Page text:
• Change or termination of care: Set of criteria that determine if care should change

While the criteria most organizations use was originally meant to simplify the interpretation process, ABA is still widely misunderstood.

The challenge that insurance management teams face when reviewing care is that MNC and LOC guidelines don’t offer interpretations for appropriate levels of care.

Additionally, the lack of consistency in care within the ABA community only makes this challenge greater for insurance management teams, as they review a wide range of care requests that carry different recommended programming levels.

Challenges for Applied Behavior Analysis Providers

ABA providers also face challenges in providing care.

They include:

  • Struggling to align programming approaches and goals with requirements for MNCs
  • Requesting hours for ongoing services that are not in line with MNC/LOC guidelines
  • Pairing reduction behaviors with replacement behaviors
  • Creating caregiver involvement and goals and following through

To help solve the challenges for both insurance management teams and providers, it is important to start with one common element: The MNC.

To get through the metaphorical “front door” or past the initiation of care phase, providers should look at medical necessity criteria for every funding source they have to gain a better understanding of what’s expected at the initial intake phase.

Proceeding with the right level of care in the beginning of the process can also result in a decrease in denials later down the line.

If the original treatment is determined to be an appropriate type of ongoing care for an individual, it should then be clearly justified.

As health care definitions continue to expand, clear and concise justifications for ABA care are more necessary now than ever before.

Insurance care teams often look for the most cost-effective solutions for their business and their members.

Once ABA services become an ongoing offering, health insurance organizations calculate them as new lines of costs that they will attempt to reduce if possible.

How Care Management Teams and Providers Measure Success

To ensure clinically appropriate levels of care, providers must do a better job in gathering information and providing evidence for types and levels of care.

Doing so will help redefine the limitations for care and reduce instances when ongoing care is inappropriately changed or terminated at the expense of those who need it most.

Being smart about goal alignment also makes a difference when insurance management teams review reports.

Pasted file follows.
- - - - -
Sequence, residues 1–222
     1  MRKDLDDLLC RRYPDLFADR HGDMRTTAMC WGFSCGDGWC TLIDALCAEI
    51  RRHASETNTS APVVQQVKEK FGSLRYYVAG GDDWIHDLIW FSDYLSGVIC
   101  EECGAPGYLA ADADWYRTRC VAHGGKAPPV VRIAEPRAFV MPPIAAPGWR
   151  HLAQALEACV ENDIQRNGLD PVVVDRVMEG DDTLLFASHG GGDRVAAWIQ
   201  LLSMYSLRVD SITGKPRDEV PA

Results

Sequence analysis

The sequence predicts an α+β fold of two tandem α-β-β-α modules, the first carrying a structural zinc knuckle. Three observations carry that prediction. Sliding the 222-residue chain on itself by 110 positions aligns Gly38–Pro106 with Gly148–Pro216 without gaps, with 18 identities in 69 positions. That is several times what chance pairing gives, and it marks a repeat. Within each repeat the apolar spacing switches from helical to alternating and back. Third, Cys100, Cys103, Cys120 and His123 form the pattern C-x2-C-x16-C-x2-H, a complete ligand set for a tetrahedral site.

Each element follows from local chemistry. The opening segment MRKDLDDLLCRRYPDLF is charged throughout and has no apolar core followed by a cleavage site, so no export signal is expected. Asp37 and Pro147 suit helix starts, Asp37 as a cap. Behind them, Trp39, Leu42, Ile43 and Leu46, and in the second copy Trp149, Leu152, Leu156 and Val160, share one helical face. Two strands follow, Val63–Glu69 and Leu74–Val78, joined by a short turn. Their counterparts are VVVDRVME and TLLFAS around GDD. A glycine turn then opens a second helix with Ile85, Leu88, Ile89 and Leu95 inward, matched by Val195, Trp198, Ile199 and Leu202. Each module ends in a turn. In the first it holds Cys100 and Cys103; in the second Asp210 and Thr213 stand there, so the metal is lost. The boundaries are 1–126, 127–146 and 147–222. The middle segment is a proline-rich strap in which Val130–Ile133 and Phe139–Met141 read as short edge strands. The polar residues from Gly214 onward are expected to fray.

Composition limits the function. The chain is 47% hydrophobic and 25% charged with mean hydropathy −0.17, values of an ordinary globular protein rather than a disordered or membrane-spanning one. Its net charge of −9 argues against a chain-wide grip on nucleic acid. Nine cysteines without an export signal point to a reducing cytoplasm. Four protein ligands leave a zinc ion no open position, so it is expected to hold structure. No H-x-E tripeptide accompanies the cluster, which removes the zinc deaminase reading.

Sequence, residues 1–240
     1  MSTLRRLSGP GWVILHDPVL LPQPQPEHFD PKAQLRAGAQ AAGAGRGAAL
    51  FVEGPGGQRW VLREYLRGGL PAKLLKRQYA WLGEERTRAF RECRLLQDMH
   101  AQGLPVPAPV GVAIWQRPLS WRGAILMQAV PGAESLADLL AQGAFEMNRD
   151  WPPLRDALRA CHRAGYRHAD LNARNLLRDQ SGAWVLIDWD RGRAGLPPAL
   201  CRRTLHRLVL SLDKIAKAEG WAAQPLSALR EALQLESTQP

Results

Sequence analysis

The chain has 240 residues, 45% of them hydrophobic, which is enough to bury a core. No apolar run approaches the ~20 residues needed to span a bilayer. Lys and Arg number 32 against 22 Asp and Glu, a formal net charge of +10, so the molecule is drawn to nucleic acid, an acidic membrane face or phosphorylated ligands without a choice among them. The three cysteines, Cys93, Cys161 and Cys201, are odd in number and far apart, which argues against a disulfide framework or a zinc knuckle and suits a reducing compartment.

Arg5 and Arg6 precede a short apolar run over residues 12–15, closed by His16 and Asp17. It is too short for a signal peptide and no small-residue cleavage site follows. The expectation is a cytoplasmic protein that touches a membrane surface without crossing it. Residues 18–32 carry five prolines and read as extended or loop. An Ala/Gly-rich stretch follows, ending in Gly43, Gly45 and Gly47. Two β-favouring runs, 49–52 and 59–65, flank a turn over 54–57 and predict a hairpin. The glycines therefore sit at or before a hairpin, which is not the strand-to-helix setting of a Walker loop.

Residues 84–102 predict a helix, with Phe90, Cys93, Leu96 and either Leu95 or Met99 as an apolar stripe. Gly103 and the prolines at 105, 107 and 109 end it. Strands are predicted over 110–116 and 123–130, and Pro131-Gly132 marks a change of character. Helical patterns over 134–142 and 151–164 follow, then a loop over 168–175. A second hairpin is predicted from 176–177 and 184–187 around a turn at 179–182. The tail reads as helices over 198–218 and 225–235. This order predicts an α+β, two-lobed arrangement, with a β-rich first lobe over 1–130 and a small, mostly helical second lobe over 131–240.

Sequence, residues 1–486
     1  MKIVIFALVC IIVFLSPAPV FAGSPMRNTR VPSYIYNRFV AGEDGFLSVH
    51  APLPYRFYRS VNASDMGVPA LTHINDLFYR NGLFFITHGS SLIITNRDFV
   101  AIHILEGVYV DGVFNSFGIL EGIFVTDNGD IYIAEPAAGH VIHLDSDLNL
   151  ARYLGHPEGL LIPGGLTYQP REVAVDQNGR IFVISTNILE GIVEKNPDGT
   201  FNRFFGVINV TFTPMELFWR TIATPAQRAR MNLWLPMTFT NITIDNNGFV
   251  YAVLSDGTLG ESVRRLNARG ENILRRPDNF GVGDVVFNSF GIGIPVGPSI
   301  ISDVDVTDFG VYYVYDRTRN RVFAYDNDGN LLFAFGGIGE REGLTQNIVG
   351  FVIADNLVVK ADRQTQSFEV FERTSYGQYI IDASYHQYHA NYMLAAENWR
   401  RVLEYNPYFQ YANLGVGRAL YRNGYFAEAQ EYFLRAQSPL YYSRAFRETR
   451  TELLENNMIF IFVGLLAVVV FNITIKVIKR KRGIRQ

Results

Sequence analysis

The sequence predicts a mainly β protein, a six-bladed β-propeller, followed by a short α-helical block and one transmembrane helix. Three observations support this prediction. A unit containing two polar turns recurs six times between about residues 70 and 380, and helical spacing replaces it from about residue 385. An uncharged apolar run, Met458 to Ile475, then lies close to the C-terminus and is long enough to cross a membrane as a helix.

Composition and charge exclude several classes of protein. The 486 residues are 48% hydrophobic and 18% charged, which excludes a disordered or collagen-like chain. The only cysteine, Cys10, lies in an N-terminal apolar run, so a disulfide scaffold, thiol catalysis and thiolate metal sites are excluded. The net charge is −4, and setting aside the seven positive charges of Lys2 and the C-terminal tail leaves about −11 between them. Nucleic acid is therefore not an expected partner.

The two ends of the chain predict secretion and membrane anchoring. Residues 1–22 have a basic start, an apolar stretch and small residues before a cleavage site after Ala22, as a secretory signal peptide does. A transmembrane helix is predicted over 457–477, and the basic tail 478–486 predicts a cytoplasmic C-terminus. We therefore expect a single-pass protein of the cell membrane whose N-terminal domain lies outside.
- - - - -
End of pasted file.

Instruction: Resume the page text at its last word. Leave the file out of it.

Providers should ask themselves if they are sending in goals representative of what is outlined in an MNC while considering whether their goals are appropriate for funding through an insurance process.

Any behavior plans should be closely aligned with what is determined in an MNC.

Caregiver programming is perhaps one area with the most inconsistency when it comes to who is being placed in an environment and how much caregiver support is being provided.

This is a big factor for health plans, as an insurance management team evaluates care and wants to see it in programming.

Although goals should align with the MNC as much as possible, providers should also at times focus on additional services that are not outlined in the MNC if doing so will meet the overall needs of their clients.

With the vast majority of providers using digital data systems today, technology should help to make challenges easier to overcome.

Every ABA provider should analyze whether their technology platforms work hand in hand with health plans to ensure they are taking clinically, socially significant and ethical actions in programming and care that align with health plan values.

The technology platforms a provider uses should also offer the right tools and benefits for providers to share with individuals and families as care continues.

Ultimately, the success of health care plans should be measured by titration of care over time; transitions to less intensive care when appropriate; caregiver empowerment and consumer protections for member groups.

However, the measures of provider success are still being defined.

Future Plans

Over the next few years, it will be imperative for providers in the healthcare industry to come together cohesively to avoid regulations imposed by insurance management teams that miss the mark.

Providers should be upfront and coherent in their communication with each other, so everyone can appear on the same page to insurance management teams.

Clinically integrated networks, which can negotiate collectively with health insurance organizations, may be an opportunity for providers work together to protect the quality and consistency of care in the future.

Rethink Behavioral Health provides an intuitive and comprehensive solution to scale your ABA business and ensure client success.

Our one-stop-shop platform offers both Clinical and Practice Management tools along with RBT Training, VB-MAPP licenses, and over 1500 resources/materials as curriculum pieces.

Schedule a demo today at your convenience!